I have paid little attention to the race for Governor in Florida. But that race is getting more and more interesting. Friends of mine have been pushing me to weigh in on one side, then the other. Lately, however, a multitude of people have asked me to weigh in on this business with Rick Scott. He guest posted once here about Obamacare and I've defended him once from White House attacks. It did strike me as a bit odd to see him jump into the Florida Governor's race. I got curious and started digging in.The field had been cleared for Bill McCollum, the well liked Attorney General and Clinton Impeachment Trial manager. He had not rocked the boat. He really hadn't done much of anything except do what Attorneys General do when they want to run for higher office.But on the way to cash in on electoral victory, an upstart named Rick Scott jumped into the race. Scott has his own battle scars from the Clinton years. The then head of Columbia/HCA, Scott coordinated private health providers to fight Clintoncare and he won. More than a decade later, having left Columbia/HCA under questionable circumstances, Scott was charging again against Obamacare.Scott and I share the distinction of both being attacked from the White House press room by Robert Gibbs. Scott's was coordinated by the Center for American Progress and other left-wing groups.That makes it, then, pretty funny that when Scott gets into the race for Governor of Florida, he is rapidly dismissed by McCollum who is running one of the most boring campaign for Governor, and then . . . Scott goes up in the polls. McCollum's campaign reacts badly -- calling Scott an "embarrassment" and a "fraud." McCollum's campaign acts totally unprepared for Scott and, worse, entitled to the job of Governor.Truth be told, McCollum has paid his dues. He's been around for a while. I don't blame him for acting badly. But here's the thing — McCollum is a hero to a lot of conservatives because he helped impeach Bill Clinton. But Rick Scott is a conservative hero in his own right for organizing the health care establishment to fight and kill Hillarycare.What is aggravating to me is that McCollum is now attacking Scott based on what the Democrats did to punish him for opposing Hillarycare. Using left-wing Center for American Progress talking points, McCollum is dredging up a lot of stuff that looks terrible for Scott.I don't blame the McCollum campaign. I probably would too, especially if I was caught off guard by Scott's entry and rise and needed quick opposition research on him. But I've looked into the whole mess.My conclusion is pretty straight forward: the stuff on Scott looks bad, but isn't as bad as McCollum would like and McCollum has problems of his own. I think a lot of the dirt on Rick Scott is really overblown.Here's the gist of the major attack, though there are others: After Clintoncare failed, the Clinton Administration started getting extremely specific about the interpretation and application of over 100,000 pages of Medicare regulations.Then the Clintons started picking off, one by one, every health care provider that fought them. Rick Scott's Columbia/HCA received one of the, if not the, largest fines in history for fraud. You can get a flavor for what was happening here.It is undisputed that Rick Scott had left Columbia/HCA before the fine happened. It is also undisputed that Rick Scott was in charge of the hospital during the period of the investigation. Here's what else is undisputed:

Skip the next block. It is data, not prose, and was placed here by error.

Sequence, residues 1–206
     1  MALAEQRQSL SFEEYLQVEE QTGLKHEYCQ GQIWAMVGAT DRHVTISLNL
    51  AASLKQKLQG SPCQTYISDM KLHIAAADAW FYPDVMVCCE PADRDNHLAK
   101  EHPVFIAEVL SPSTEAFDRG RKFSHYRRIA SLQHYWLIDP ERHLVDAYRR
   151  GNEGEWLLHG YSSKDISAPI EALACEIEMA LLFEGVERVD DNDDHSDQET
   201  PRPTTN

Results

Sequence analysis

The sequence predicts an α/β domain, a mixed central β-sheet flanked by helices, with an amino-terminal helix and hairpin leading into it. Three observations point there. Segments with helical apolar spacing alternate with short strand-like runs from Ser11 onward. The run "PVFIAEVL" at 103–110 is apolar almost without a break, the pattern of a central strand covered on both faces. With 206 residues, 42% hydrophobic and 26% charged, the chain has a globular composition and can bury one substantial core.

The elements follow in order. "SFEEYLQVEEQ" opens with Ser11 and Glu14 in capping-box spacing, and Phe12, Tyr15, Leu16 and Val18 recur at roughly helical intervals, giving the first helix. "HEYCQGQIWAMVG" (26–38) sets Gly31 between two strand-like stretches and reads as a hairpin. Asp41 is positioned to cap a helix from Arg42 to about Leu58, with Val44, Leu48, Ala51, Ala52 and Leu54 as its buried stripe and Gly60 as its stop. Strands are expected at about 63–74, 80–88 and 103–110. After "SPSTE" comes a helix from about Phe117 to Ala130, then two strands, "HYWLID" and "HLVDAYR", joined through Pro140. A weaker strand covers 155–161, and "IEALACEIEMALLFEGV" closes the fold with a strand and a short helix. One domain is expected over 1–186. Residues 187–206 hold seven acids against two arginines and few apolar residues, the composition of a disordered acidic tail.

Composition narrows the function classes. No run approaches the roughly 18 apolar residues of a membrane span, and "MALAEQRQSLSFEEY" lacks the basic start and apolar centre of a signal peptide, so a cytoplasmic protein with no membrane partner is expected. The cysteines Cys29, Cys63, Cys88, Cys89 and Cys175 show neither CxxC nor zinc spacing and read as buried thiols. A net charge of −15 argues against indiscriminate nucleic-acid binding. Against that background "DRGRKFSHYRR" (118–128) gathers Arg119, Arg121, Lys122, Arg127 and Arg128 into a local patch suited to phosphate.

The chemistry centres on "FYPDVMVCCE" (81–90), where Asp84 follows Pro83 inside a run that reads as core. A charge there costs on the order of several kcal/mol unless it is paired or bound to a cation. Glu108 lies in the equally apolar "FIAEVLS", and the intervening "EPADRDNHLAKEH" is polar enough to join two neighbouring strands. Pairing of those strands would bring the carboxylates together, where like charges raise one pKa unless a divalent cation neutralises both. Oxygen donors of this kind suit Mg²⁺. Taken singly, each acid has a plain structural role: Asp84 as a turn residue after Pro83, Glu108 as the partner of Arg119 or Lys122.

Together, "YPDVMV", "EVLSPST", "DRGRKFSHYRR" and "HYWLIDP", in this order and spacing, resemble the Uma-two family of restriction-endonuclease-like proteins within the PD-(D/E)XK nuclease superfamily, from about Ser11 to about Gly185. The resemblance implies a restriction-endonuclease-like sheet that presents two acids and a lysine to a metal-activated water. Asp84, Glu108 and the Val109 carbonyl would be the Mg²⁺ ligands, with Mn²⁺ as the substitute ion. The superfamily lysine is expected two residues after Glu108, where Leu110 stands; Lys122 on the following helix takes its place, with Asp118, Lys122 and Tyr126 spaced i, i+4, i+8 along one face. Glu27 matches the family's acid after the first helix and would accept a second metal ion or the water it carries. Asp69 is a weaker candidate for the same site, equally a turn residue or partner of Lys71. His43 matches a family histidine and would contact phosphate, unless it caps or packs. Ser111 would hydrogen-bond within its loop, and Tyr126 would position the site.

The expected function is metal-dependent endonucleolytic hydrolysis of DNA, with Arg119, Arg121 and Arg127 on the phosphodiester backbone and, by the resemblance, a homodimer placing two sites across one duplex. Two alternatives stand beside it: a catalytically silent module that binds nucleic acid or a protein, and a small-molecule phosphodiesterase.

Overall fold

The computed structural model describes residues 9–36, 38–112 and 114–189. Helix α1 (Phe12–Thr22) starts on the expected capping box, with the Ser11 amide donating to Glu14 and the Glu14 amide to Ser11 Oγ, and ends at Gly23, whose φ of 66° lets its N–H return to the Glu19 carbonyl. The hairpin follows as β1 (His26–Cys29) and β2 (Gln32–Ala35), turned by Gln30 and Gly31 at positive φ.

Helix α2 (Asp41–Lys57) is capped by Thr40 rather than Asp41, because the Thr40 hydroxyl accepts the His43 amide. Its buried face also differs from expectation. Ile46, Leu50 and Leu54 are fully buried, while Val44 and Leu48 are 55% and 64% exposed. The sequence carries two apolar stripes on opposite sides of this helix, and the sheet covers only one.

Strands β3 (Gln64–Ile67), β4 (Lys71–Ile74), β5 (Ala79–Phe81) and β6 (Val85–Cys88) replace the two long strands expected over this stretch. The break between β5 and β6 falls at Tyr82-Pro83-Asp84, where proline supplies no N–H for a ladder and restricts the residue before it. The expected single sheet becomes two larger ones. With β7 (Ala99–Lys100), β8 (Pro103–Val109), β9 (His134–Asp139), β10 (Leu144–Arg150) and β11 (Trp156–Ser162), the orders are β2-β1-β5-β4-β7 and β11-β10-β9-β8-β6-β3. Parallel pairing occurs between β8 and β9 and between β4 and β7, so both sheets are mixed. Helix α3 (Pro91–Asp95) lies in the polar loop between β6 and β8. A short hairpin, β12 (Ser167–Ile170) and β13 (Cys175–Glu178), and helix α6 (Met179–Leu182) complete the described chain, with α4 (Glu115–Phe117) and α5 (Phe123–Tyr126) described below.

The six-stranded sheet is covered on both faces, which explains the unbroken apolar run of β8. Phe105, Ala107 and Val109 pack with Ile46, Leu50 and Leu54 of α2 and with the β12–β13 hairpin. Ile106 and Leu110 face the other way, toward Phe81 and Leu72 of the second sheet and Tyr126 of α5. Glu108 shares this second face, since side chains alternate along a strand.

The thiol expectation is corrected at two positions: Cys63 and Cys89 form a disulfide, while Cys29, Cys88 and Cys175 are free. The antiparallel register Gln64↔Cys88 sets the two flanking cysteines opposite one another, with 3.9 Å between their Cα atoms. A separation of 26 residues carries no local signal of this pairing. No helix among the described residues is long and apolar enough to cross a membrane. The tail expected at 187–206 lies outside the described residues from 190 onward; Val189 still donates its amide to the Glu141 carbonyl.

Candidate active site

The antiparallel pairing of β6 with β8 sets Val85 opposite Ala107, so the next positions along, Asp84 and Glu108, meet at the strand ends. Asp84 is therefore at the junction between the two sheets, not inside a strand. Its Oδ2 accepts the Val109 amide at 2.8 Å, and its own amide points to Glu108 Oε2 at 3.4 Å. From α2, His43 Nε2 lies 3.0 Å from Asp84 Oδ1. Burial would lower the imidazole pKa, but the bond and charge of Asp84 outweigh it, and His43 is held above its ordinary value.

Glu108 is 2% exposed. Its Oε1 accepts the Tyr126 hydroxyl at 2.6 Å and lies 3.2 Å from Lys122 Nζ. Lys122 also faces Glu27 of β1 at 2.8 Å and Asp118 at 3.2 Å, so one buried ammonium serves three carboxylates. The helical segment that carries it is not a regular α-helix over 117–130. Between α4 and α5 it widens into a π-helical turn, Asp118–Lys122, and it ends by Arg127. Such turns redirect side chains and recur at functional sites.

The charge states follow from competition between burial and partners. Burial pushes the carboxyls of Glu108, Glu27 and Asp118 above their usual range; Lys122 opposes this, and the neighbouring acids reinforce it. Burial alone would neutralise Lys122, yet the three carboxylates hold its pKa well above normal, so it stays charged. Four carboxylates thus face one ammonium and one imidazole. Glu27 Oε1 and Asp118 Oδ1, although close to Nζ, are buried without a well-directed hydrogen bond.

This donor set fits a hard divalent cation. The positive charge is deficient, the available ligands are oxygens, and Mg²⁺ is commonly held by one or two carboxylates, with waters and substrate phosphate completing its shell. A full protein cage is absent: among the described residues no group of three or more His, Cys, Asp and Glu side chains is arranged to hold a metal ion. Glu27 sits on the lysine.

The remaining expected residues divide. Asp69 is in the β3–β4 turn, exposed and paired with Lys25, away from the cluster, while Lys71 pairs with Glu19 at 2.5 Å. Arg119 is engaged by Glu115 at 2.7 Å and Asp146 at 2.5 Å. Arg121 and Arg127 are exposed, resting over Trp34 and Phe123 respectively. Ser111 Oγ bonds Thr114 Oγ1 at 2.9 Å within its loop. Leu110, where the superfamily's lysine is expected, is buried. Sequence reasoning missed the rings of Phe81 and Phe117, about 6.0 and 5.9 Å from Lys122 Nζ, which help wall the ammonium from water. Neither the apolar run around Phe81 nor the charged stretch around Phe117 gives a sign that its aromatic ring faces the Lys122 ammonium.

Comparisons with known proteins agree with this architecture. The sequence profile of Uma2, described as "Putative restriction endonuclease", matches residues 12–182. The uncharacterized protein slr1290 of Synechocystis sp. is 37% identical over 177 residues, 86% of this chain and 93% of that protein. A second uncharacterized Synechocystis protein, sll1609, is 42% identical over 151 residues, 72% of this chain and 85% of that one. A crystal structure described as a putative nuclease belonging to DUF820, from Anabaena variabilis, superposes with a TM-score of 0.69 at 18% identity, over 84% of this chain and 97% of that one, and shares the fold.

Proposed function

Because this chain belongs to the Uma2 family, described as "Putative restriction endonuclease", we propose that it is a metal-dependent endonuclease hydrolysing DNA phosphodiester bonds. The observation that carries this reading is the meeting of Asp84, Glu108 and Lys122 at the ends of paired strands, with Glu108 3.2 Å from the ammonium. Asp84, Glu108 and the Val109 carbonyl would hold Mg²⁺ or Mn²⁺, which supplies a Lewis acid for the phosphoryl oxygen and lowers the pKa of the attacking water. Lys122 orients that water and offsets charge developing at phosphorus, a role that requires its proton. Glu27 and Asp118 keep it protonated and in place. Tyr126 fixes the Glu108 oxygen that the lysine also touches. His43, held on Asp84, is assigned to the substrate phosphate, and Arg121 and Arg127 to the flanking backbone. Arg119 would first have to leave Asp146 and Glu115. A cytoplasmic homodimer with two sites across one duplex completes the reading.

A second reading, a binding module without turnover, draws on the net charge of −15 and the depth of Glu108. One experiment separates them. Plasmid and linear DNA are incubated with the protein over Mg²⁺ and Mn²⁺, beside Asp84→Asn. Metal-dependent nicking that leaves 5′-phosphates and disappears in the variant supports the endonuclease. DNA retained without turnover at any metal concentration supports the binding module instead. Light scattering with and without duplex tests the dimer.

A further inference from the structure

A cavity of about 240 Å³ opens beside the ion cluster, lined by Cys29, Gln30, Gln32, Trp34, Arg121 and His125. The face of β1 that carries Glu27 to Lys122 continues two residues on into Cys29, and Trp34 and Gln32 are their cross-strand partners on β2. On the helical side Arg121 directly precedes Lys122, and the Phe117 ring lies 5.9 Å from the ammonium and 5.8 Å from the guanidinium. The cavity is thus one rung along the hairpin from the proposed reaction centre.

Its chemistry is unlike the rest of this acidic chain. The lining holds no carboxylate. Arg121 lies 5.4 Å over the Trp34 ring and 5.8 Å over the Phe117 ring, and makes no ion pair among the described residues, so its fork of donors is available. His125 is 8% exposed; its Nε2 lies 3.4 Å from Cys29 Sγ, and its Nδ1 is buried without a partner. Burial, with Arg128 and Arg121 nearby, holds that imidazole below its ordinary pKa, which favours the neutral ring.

- In 1992, there were just ~600 Medicare investigations
- By 1996, there were ~2,200 Medicare investigations (4x increase)
- In 1997, there were over 100,000 pages of Medicare Regulations
- By 1998, the government announced a program to assist hospitals in fraud prevention
- The government was criticized in the media for classifying simple mistakes as “fraud.”
- Dozens of prestigious health care institutions paid millions in fines, including Yale Hospital, Duke University Hospital, Harvard University Hospitals, University of Chicago Hospitals, Johns Hopkins, and industry giants Tenet and Columbia/HCA
Yes — Duke, Harvard, Johns Hopkins, and even Mayo Clinic all paid fines. That's how the Clintons roll. But then, it is Columbia/HCA's former CEO who is running for office now.Now, there's other stuff too. ABC's Brian Ross did a hit piece on Scott. Ex-employees attacked him. Scott left Columbia/HCA voluntarily and was never charged with wrongdoing, but the speculation has always been that he was forced out. People I've talked to say he wasn't.But here is where the water gets muddied. The 11th Circuit Court of Appeals ruled that the regulations the Clintons put in place were so arcane and complex that reasonable people could disagree on their application and, consequently, dismissed cases filed against employees. Additionally, some of the issues being pinned on Scott originated before he entered the picture and some came from hospitals absorbed into Columbia/HCA through merger or acquisition.This is not to say that Scott has clean hands — business is business and it is sometimes dirty. But Bill McCollum has his own related problems.In my review of the matter, it appears this is largely about a collision between a free market reformer and government bureaucrats trying to maintain an antiquated entitlement system. It looks worse than it is.There is certainly stuff Bill McCollum can hit Rick Scott on. And there is stuff Rick Scott can hit McCollum on. I don't have a dog in the fight. But I really bristle when Republicans start attacking using the Center for American Progress as the starting ground.Finally, McCollum wouldn't be having this problem at all if his campaign weren't so lackluster with a sense of entitlement. That's part of the problem Charlie Crist ran into and look what happened to him.